Everything’s  a plot now, isn’t it. 

“Don’t say that to the doctor or she will think you are getting paranoia.”

 “Getting paranoia? I’ve been paranoid all my life.”“How sad!”

We’ll, nowadays you need a bit of paranoia, especially if you come from Europe and believe that you can work in Britain and contribute to the economy, while enjoying all the lavish pleasures of London city and nightlife.”

“The so-called foreigners are much more courteous than English people. iIn fact I a’m ashamed to be English now and I pretend that I came from Ireland instead.”

You look more like a Valkyrie.”

“Don’t say that! I hate  the composer Wagner.”

“I do believe the word existed before he wrote the music but I understand how you feel. It’s not your fault that you’ve got blonde hair and blue eyes and a white skin.”

“My hair isn’t really blonde any more.  I think it’s more silvery, like Helen Mirren.”

“Does it really matter what her hair looks like now?”

“Well, we have to amuse ourselves somehow and, since we no longer have husbands, wel ’re deprived of much pleasure and love, and we  have to put out the wheelie bins ourselves, which I think is really awful.”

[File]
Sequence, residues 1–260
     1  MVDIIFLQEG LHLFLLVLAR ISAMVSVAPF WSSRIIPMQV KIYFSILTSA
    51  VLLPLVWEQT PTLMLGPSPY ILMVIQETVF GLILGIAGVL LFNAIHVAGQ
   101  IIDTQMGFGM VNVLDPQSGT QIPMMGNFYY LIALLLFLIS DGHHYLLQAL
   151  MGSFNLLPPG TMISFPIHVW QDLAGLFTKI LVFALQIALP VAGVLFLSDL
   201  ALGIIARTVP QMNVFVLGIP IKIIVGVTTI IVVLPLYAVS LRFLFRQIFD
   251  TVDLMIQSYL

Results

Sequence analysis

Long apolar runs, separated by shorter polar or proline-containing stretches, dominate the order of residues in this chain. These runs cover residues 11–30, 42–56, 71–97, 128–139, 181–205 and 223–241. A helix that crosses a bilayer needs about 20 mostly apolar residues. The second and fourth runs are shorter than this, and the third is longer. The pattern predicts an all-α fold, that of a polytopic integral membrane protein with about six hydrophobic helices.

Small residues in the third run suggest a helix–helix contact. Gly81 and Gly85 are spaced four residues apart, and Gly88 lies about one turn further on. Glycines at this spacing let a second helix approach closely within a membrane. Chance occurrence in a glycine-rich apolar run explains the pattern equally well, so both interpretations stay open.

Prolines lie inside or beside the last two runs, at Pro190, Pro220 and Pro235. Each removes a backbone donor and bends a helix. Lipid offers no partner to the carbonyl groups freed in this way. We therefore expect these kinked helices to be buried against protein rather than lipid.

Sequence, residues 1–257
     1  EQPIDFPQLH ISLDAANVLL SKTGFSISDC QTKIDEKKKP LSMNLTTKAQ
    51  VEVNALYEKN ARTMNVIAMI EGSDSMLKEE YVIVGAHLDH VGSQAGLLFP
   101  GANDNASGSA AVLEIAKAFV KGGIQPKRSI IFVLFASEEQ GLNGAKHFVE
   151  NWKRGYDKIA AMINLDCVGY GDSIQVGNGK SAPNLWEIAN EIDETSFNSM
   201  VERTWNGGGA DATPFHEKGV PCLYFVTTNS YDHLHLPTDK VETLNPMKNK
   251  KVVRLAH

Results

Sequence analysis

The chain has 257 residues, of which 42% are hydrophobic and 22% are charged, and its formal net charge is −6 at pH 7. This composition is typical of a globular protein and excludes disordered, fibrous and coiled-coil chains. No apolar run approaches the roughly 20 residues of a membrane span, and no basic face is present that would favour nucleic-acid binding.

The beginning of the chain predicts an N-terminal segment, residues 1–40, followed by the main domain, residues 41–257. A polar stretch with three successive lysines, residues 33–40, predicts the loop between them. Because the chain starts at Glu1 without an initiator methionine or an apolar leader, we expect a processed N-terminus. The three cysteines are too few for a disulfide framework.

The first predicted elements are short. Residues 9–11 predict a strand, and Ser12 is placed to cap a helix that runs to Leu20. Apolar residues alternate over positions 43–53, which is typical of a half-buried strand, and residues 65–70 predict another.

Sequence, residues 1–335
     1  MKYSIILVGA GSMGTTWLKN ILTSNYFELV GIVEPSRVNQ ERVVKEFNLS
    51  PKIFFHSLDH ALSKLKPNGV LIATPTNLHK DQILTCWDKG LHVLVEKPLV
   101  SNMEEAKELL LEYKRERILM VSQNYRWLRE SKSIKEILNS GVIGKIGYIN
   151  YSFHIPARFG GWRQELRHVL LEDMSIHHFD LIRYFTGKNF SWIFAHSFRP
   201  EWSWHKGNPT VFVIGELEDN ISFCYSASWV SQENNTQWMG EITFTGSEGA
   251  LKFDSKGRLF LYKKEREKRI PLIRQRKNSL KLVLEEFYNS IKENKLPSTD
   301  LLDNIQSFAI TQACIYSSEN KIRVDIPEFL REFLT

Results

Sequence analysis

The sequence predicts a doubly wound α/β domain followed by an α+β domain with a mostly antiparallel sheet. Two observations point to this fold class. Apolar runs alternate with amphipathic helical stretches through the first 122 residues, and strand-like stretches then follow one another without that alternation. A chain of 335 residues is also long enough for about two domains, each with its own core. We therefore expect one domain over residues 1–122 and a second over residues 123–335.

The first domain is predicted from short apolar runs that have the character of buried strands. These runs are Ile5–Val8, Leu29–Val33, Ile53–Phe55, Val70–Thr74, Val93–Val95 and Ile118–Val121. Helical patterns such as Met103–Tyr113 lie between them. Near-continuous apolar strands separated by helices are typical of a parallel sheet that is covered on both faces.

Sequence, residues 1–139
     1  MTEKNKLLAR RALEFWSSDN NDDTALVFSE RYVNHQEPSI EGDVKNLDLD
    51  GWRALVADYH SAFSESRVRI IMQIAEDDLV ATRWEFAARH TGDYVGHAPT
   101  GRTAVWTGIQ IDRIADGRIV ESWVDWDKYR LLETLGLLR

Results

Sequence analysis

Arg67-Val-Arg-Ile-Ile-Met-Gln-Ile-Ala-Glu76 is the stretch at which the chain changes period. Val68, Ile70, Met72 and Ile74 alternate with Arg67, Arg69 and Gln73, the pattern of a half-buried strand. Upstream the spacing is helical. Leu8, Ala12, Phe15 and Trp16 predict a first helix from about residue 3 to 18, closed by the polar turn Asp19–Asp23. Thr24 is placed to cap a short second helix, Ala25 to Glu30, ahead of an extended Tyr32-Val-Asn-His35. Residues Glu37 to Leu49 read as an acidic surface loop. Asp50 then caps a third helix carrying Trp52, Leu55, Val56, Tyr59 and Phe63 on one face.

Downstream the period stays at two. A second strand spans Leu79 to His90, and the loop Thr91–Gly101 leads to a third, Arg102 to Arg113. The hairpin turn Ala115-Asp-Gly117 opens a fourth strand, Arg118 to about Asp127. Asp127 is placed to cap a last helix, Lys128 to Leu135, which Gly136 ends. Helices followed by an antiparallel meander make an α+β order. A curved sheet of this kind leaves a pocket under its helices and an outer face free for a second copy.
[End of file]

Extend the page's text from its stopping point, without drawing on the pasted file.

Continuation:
concret sink
Photo by Artem Bali on Pexels.com


Well, it’s a sort of exercise, isn’t it?”


“If that’s all I got, I’d be paralysed by now!”


“So, what else do you do?”


“I do some vacuuming, now and then, I move books out of the bookcase and carry them into the other room and, you won’t believe this, last week I accidentally put a bag of nearly new clothes into the ‘dirty’ wheelie bin and found I still had the rubbish in the hall.!  Unfortunately, the bins had been emptied and there was nothing I could do to get them back.Mind you, I did feel a certain relief but as the hall was no longer full of black bin liners and other stuff like that..

Not to mention all those cables, cords, and chargers that we have nowadays. I think the computer was invented purely to give us more things to buy, to keep the economy going. Nobody really wanted to have computers but they realised that, once you got one, you would want to connect it to your camera, or your television, or the printer, and so it would mean a big market for those cables and cords.

But it gives me something to do, while the Government argue about  Brexit.”


It’s not just the Government who are arguing. My gardener nearly hit me when I said I wanted to remain in Europe. I am forbidden to mention Brexit anywhere near him.”


“I have noticed that it doesn’t matter what the evidence is,; even the most intelligent people will not change their minds, so it must be coming from a deeper level.”